Ach tov liYisrael…, “Surely Hashem is good to Israel, to the pure of heart. But as for me, my feet had almost turned away; in an instant, like nothing, my steps would have been swept aside.” Chazal teach us that the word ach, surely, implies that this is a truth that will never change. David begins by stating that Hashem is good to His people – and this truth is forever. It is only because we have allowed walls to be built between us and Hashem that we sometimes doubt this unalterable fact.

David then continues and allows us into his deepest thoughts. He admits that he almost lost his way, that he was overcome by uncertainty. If this would have occurred, he adds, he would have been swept away from this world. The line between accepting Hashem’s truth and falling into despair can often be just a single mistaken footstep. “Like nothing” – a life lived without a burning inner faith in Hashem is likened to nothingness. It is spent here on earth with no real deeper meaning.

Ki kineisi baholelim…, “For I envied the arrogant when I saw the peace of the wicked, for there is no suffering when they die, and their health is sound.” It often seems that the wicked have all the good in this life. They grow and prosper, their homes are expansive and they seem to be in good spirits. There is an old Yiddish expression that says, Halevai du zolts nohr hoben dus vos felt zei, “If we would only have that which the wicked lack.” This means that although we may think all is rosy in their gardens, in fact they have nothing that we truly need. We often wish for so much, never realizing that what we need is ours for the asking. And what is that? The belief that Hashem does good for us!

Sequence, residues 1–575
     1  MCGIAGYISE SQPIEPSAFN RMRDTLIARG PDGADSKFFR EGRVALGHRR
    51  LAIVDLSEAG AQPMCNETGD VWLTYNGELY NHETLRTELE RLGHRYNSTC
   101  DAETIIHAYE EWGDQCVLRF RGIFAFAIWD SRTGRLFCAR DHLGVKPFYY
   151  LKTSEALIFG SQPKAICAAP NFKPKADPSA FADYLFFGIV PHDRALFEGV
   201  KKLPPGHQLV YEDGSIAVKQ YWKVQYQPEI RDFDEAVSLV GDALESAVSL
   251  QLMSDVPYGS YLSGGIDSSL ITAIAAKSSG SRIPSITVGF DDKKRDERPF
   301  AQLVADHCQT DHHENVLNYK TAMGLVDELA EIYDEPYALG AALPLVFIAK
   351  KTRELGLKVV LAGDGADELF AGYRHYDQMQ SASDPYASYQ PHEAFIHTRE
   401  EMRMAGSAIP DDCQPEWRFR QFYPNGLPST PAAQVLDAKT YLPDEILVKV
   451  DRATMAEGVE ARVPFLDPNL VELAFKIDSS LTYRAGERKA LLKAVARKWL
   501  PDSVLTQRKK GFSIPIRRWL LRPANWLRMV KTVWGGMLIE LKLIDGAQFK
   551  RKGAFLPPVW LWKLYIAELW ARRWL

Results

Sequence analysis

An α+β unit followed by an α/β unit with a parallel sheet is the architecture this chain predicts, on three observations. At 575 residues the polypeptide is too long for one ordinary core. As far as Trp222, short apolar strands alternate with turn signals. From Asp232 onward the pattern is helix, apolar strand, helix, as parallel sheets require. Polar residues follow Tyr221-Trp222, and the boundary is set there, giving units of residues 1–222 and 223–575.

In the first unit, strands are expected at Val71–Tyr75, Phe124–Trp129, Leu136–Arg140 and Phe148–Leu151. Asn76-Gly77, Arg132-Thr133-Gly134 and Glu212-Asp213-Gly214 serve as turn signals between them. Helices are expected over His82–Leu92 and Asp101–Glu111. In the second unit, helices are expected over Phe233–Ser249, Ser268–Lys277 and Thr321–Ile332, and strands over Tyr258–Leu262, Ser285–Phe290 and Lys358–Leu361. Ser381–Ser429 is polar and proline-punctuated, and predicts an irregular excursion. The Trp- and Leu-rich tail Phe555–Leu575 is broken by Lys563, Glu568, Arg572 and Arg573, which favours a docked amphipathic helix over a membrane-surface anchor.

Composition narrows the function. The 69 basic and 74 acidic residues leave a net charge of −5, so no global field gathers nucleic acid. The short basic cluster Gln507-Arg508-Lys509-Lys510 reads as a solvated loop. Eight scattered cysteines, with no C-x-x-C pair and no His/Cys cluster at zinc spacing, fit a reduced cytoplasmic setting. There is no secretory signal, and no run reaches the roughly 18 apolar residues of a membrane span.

Lachen anakasmo gaava…, “Therefore they wear pride as a necklace, their body enwrapped in violence.” In today’s world we can well understand this concept. Everything is superficial; it can all be plucked from the wearer’s neck or ripped off his arrogant back. Is this what’s real? Does all this so-called “good life” give them contentment? Take a look at the shelves in the bookshops. They groan from the weight of self-help guides. No one is happy.